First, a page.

The District of Columbia Council has unanimously approved a bill that will help clean up the Anacostia River by placing a fee on disposable bags.
The Anacostia River Cleanup and Protection Act of 2009 will charge a 5-cent fee on disposable paper and plastic carryout bags at grocery stores, restaurants, convenience stores, food vendors and other shops in the city. Most of the money collected will go towards a newly created Anacostia River Cleanup Fund, which will target environmental cleanup, reclamation and restoration efforts on the Anacostia River.
“This landmark law brings the District of Columbia to the forefront of addressing pollution caused by disposable bags and takes much-needed action to clean the Anacostia River,” said D.C. Councilman Tommy Wells, sponsor of the bill and chair of the Bay Program’s Local Government Advisory Committee.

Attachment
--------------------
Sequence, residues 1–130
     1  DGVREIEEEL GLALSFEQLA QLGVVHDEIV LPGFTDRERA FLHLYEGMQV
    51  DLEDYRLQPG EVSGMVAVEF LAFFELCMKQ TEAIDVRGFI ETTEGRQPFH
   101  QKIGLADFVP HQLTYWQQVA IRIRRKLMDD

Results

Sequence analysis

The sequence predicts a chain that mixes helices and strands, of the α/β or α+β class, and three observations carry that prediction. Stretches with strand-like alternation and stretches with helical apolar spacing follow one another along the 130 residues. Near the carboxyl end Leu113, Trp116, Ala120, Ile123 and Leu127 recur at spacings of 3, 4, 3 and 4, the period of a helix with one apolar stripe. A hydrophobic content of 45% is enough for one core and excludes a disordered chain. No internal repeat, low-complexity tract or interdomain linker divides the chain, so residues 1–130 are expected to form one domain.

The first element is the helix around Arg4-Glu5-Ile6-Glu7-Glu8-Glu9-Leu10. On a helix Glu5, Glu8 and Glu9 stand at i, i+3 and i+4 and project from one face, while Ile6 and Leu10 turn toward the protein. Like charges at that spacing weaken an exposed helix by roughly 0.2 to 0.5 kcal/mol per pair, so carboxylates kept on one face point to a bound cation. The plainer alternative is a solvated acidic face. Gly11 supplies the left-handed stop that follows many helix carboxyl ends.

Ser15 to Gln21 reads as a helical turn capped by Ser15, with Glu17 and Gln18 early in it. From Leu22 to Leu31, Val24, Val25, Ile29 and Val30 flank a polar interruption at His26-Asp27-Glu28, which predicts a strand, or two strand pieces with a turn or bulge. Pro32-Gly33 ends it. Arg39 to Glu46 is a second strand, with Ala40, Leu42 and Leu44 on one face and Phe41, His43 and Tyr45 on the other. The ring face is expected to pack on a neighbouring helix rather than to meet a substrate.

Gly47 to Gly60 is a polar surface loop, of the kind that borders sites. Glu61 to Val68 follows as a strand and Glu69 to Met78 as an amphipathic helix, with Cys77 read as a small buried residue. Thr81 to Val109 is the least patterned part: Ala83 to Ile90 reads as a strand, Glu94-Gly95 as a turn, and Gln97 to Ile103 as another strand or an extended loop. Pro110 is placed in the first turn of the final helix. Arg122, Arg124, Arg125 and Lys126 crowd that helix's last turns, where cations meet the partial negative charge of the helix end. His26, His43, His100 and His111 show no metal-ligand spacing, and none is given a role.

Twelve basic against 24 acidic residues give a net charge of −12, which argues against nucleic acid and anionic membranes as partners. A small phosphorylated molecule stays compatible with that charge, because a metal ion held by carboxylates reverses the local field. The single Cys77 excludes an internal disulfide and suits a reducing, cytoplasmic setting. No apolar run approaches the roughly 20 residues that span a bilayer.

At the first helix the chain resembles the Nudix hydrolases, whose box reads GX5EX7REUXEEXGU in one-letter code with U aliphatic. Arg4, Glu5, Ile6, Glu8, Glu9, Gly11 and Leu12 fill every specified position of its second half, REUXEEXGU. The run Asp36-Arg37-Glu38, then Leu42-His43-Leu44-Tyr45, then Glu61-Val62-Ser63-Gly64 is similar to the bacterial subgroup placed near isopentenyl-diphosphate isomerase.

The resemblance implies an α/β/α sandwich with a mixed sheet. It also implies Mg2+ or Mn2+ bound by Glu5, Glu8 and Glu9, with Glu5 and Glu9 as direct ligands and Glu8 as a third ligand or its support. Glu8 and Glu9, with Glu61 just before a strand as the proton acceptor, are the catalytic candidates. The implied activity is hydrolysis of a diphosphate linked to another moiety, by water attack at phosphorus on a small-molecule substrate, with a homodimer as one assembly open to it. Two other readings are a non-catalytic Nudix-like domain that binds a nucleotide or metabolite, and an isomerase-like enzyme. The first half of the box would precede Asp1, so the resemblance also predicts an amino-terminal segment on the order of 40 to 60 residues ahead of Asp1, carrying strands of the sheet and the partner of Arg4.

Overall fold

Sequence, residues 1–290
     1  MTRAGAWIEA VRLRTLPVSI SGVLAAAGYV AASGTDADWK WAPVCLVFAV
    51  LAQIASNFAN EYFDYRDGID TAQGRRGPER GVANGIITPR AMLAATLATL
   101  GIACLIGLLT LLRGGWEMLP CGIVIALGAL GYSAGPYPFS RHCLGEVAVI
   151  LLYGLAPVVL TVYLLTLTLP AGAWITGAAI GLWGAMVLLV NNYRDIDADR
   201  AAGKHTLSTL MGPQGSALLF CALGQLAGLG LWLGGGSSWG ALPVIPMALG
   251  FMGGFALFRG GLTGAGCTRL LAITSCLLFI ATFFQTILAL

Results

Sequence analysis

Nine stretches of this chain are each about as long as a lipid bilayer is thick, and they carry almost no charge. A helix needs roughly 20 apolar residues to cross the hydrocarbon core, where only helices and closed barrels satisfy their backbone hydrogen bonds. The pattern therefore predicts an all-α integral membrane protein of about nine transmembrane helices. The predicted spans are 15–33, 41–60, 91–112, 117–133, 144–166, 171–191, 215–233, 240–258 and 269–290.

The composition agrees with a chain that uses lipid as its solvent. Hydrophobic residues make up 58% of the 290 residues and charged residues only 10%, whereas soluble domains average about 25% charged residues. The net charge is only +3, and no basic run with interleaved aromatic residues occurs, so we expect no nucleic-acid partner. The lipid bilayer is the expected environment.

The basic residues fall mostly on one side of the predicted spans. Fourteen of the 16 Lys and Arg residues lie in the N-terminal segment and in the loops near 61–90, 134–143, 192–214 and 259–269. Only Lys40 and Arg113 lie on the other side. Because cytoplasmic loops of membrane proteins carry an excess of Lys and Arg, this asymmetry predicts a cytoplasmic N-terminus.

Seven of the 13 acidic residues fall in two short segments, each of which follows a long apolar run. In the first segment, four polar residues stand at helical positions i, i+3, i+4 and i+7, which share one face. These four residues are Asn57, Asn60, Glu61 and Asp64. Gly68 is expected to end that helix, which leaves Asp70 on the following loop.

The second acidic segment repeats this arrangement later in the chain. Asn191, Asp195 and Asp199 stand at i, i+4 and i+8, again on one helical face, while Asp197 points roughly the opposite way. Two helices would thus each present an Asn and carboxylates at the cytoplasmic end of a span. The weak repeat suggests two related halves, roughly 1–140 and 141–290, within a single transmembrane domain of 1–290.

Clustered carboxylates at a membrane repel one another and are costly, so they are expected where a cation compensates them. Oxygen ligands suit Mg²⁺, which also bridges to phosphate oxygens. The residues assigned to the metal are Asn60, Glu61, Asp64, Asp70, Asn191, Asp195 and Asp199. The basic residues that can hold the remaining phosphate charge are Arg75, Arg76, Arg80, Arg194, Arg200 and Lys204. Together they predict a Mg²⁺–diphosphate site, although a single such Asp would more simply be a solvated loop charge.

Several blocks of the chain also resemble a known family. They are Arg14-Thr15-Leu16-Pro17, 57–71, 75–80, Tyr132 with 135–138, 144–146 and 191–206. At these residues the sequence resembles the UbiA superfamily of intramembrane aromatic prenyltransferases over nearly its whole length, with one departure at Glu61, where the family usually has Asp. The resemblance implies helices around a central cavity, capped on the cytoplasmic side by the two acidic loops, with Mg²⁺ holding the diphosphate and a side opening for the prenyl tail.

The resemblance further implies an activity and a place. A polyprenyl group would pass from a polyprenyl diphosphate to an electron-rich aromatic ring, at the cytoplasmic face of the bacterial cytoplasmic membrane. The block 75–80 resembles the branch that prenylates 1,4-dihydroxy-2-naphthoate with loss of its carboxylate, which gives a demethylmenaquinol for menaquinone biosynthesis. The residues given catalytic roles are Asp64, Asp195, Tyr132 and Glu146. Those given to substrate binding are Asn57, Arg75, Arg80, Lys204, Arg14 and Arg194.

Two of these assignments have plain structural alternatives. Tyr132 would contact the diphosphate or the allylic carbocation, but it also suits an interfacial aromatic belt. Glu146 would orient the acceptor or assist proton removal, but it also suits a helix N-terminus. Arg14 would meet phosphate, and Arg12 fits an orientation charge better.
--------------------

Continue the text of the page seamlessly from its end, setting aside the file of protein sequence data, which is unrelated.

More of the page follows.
According to a recent report by the D.C. Department of the Environment, plastic bags, bottles, wrappers and Styrofoam make up 85 percent of the trash in the Anacostia River, a tributary of the Potomac River and the Chesapeake Bay. In the river’s tributaries, such as Watts Branch, nearly 50 percent of the trash is plastic bags.
The report stated that placing a small fee on disposable bags could eliminate up to 21 percent of the trash in the Anacostia and 47 percent of the trash in its tributaries.
The legislation also creates a new Anacostia River vehicle license plate and an income tax donation option. Proceeds from both will go to the Anacostia River Cleanup Fund.
For more information about the Anacostia River Cleanup and Protection Act of 2009 and the Anacostia River Cleanup Fund, visit trashfreeanacostia.com.
What You Can Do: Reduce the Amount of Plastic Bags You Use and Reduce Plastic Trash in the Anacostia River, the Chesapeake Bay and Your Local Waterways
Learn about more ways you can help the Bay.